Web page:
Black History and the Early Days of Printing, Part 1

This is part one of the second in a series of four posts about using library collections for the study of black history, literature and culture, in Britain and abroad. We would love to hear your comments and questions about the posts: please tweet us @GCWLibrary, email us at, or tell us your thoughts in the comments section at the end of the post.

Evidence of the lives of black people in Renaissance and early modern Europe appears in almost all kinds of texts, documents, and images surviving from these periods. For political, racial, and historical reasons this material has often been overlooked or treated as atypical and isolated.[1] This pair of post will focus on one kind of material: early printed books, by which I mean books printed between around 1450 and 1700.[2]  The first part of this post will give a brief overview of our databases of early printed books and how to search them. In the second part, I’ll discuss some of the authors and issues in black history that these databases can be used to investigate.

Part 1: Early Printed Books Databases and How to Search Them

Early European Books (EEB) and Early English Books Online (EEBO) contain images of the pages of hundreds of thousands of books printed in Europe, England, Wales, Scotland, Ireland, and British North America between the earliest days of printing in the fifteenth century to the early eighteenth century. Issues of authorship and authority, censorship and what we would now call copyright, publication and promotion, as well as the technologies of printing and making books, all look very different from what came before or after.[3] Early printed books databases allow those who study them to track these changes over time. Some early printed books are as rare as the rarest of manuscripts, and databases can give access to material which would otherwise be very difficult to see.

Both EEB and EEBO can be searched with a simple keyword search. For example, if you were interested in the early modern trade in African slaves, you might type slavery into the keyword search box, as below:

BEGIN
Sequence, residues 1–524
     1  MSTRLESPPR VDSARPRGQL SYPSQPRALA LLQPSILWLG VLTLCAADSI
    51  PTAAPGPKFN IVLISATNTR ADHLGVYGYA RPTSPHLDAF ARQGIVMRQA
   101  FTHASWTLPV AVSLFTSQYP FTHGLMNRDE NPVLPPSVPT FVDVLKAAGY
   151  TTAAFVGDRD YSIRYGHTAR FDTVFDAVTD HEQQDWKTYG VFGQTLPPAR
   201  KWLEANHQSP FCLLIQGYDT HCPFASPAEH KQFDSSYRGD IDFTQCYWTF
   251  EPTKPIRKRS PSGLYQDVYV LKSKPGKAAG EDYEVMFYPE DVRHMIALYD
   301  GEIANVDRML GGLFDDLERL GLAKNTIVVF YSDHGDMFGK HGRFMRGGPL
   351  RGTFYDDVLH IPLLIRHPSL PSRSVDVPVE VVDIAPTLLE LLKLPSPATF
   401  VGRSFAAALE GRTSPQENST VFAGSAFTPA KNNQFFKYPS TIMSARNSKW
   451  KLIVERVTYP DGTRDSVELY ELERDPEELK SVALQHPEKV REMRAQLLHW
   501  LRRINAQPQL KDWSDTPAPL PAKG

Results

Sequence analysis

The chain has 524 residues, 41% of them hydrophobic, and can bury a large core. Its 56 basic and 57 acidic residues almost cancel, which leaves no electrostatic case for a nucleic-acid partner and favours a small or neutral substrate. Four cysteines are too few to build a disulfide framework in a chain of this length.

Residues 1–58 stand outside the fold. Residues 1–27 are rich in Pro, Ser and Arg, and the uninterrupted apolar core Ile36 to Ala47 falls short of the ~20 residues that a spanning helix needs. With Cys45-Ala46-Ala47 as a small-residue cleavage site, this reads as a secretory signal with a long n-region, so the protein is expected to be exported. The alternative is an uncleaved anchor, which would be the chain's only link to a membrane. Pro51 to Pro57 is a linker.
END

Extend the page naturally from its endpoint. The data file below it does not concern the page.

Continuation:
Particularly if you are just starting your search or are new to using EEB or EEBO, it often helps to click on the ‘select from a list’ hyperlink next to each box. This gives you a quick overview of the way information is organised within the database and helps you select the search terms that will bring up the information you need. EEBO will automatically check for variant spellings—early modern writings sometimes spell words differently to the way we do now, and different ways of spelling the same word were common. If you are struggling to find what you want to find, do check out the HELP? section for advice on how to make the most of your searches, and don’t hesitate to get in touch with your academic subject librarian. We are very happy to help.

The search interface for EBO looks a bit different but follows the same principles: you can do a basic search by keyword:

Or you can do a more specialised search for books published between particular dates, or with particular subjects, using the advanced search function:

USTC = Universal Short Title Catalogue, an important scholarly project to catalogue all European early printed books, from the earliest days of printing until the end of the sixteenth century.

You can even (this is true of both EEB and EEBO) look for books in particular languages, or with certain features, such as illustrations or charts:

The search tips section in the basic or advanced search can be an enormously useful resource for getting the most out of searching EEB as well as understanding any unfamiliar terms. As with EEBO, looking at the databases list of subject headings can be helpful in designing an effective search and providing additional ideas for useful search terms.

In part two of this post, I will discuss some specific issues and topics in early modern Black history that can be studied through the books in these databases.

[1] Kate Lowe, Black Africans in Renaissance Europe (Cambridge, 2005), 3-8. If you are interested in reading more this book is in the library collection.

[2] The earliest printed books are distinguished from ones that come slightly later: scholars call books printed before 1501 using moveable type incunabula (this comes from the Latin word for cradle and is used figuratively to refer to the beginnings or origins of something). There are many wonderful sites about the early days of printing, including the University of Manchester Library site First Impressions,, which contains a useful glossary of the terminology of early printed books.

[3] Adrian Johns, The Nature of the Book: Print and Knowledge in the Making (Chicago, 1998), 1-6. This book is also available in the library collection.